Frankenweenie

8 Oct

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In 1984 Tim Burton had made his first studio film, a live action black-and-white short by the name of Frankenweenie. It detailed the story of a boy and his dog, and how the boy, after losing the dog, uses pseudo-science to resurrect it in a similar fashion to that of the 1931 Frankenstein, hence the parody title. While the film was deemed too scary for a Disney license at the time, it has since become a cult classic, even to the point where it was remade into a feature length animated film of the same name directed by Burton himself.

While the original has been out for nearly three decades it’s remake is a film, not a short and the plot has been expanded considerably which is why it warrants a review.

What was expected to be a boring rehash of the original short film turns out to be an exciting story filled with heart, science, and a cast of colorful characters. The film features Burton’s signature of stop-motion animation and retains the black and white color pallet just like the original short.

The plot is basically the same this time around, starring Charlie Tahan as Victor Frankenstein and his only friend, a dog named Sparky. After Sparky is killed in an automobile accident Victor, uses his scientific talents to resurrect Sparky, turning him into a reanimated corpse that acts as if nothing happened save for a few stitches. The deviation from the original story comes when Victor’s classmates discover Victor’s secret and use it to reanimate their own passed pets and inadvertently create monstrous versions of the original animals.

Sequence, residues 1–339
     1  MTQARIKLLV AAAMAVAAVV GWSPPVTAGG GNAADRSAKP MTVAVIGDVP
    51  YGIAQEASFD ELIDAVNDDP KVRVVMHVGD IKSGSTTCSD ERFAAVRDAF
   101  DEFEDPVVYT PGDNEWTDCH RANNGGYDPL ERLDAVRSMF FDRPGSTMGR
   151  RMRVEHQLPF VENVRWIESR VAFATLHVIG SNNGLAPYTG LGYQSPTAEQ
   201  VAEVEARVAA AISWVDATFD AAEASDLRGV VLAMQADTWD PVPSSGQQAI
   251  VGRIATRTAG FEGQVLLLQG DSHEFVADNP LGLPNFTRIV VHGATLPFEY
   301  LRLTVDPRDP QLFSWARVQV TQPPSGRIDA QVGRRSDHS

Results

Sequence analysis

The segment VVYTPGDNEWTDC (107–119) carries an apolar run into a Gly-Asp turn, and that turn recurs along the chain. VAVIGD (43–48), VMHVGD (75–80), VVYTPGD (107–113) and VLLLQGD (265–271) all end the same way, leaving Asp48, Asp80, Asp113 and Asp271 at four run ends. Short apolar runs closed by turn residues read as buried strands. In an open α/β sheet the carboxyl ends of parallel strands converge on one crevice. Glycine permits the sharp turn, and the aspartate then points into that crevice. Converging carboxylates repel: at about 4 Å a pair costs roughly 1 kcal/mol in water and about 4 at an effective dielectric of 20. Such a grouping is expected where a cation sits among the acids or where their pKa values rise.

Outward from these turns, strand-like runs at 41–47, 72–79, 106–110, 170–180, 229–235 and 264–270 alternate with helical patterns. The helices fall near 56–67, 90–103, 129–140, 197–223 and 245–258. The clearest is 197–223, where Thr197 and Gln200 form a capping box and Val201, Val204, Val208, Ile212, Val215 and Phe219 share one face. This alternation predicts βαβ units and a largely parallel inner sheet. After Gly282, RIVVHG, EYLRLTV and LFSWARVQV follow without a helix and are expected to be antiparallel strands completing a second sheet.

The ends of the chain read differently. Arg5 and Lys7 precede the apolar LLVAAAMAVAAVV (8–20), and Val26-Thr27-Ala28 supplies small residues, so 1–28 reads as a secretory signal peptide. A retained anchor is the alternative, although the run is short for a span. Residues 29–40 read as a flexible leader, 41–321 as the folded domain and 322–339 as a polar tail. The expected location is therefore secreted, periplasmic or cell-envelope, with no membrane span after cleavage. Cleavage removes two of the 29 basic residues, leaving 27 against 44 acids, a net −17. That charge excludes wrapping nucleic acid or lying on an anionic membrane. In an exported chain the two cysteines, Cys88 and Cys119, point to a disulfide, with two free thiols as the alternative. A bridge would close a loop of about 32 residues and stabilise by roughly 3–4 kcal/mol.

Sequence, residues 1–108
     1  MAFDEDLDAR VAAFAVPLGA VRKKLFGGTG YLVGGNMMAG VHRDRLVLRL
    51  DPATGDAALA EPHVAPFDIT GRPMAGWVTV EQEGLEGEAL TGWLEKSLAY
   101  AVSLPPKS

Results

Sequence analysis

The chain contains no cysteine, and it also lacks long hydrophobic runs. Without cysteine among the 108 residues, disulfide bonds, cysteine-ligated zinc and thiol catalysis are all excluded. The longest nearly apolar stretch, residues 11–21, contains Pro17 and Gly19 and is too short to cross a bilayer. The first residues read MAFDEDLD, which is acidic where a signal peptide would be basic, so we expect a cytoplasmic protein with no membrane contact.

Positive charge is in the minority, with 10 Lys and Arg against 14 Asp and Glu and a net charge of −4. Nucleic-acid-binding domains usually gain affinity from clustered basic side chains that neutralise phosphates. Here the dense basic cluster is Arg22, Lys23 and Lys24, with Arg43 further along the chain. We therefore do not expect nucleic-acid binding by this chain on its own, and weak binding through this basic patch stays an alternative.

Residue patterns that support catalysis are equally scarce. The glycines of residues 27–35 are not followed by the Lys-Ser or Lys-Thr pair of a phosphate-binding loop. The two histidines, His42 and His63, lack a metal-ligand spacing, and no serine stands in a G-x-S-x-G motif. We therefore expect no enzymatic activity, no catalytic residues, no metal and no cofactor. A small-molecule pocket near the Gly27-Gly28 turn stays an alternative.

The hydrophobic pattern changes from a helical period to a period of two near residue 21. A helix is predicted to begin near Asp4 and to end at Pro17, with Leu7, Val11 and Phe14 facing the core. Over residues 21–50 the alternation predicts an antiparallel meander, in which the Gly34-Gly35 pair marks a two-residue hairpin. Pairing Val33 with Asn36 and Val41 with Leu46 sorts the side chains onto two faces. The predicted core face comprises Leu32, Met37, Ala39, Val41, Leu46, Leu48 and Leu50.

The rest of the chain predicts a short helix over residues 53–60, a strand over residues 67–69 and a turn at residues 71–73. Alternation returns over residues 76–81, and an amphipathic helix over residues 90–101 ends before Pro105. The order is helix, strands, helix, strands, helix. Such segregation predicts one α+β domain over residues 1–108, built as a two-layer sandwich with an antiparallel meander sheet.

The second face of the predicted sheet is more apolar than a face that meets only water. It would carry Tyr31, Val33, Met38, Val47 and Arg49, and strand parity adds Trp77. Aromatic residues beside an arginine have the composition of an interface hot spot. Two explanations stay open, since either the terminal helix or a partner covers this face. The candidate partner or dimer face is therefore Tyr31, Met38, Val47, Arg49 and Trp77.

It’s been a long time since Tim Burton has done something original and I’m glad to say he still has that magic touch for cultish charm. The best thing about the movie happens to be the unexpected twists that come from it and how he sidesteps the usual clichés often found in children’s movies.

A problem with the movie is that it seems to have an abundance of characters that serve little to no purpose, and the characters made from the original seem to be a little too bland and made for the times which does distract from the best parts of the film.

The real hook of this movie that keeps it from being obscure would be all the new content and characters which also seem to be parody’s of horror icons themselves; my favorite being a deformed child named Edger “E” Gore who resembles the hunchback Igor in both name and look.

This movie deserves a watch because the world seems to be in a time when Halloween is steadily being forgotten about, and Frankenweenie keeps the spooky spirit alive. For good animation, hilariously fun to watch set pieces and a sense of originality and heart this movie delivers on what we’ve been missing. 

This has is and always will be my opinion. Thanks and see ya later.

 

 

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